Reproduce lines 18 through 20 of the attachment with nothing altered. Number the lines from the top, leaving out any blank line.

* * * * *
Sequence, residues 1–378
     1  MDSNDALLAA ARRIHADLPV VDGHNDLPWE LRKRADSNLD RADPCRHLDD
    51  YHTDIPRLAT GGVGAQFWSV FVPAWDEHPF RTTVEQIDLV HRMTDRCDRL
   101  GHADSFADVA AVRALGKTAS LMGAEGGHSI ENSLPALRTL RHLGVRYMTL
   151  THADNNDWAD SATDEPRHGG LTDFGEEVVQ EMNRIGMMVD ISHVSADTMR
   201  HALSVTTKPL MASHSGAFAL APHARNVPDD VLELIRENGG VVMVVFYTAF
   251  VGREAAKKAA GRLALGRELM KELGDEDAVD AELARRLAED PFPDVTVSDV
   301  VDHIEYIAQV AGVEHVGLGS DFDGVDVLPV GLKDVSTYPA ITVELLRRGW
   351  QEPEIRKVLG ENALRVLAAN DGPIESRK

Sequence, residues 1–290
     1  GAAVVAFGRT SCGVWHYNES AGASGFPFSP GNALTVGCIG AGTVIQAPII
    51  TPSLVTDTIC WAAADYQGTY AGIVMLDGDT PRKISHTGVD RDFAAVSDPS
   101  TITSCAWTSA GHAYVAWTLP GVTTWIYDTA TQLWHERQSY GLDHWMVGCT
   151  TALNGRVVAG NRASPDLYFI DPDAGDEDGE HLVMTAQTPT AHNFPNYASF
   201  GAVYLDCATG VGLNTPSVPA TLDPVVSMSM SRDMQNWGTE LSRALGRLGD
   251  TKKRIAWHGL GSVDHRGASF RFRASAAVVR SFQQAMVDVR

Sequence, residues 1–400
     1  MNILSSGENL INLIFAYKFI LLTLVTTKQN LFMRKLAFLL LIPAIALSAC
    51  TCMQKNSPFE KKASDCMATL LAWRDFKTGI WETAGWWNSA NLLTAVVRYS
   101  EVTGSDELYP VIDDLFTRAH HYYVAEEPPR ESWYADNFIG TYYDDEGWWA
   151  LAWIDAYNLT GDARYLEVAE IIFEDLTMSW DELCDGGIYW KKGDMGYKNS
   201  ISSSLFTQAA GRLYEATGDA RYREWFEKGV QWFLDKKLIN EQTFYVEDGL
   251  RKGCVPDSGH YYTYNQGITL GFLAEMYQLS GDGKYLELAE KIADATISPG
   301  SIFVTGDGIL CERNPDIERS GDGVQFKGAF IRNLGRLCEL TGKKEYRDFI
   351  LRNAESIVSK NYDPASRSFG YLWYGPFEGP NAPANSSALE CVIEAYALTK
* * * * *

     1  MNILSSGENL INLIFAYKFI LLTLVTTKQN LFMRKLAFLL LIPAIALSAC
    51  TCMQKNSPFE KKASDCMATL LAWRDFKTGI WETAGWWNSA NLLTAVVRYS
   101  EVTGSDELYP VIDDLFTRAH HYYVAEEPPR ESWYADNFIG TYYDDEGWWA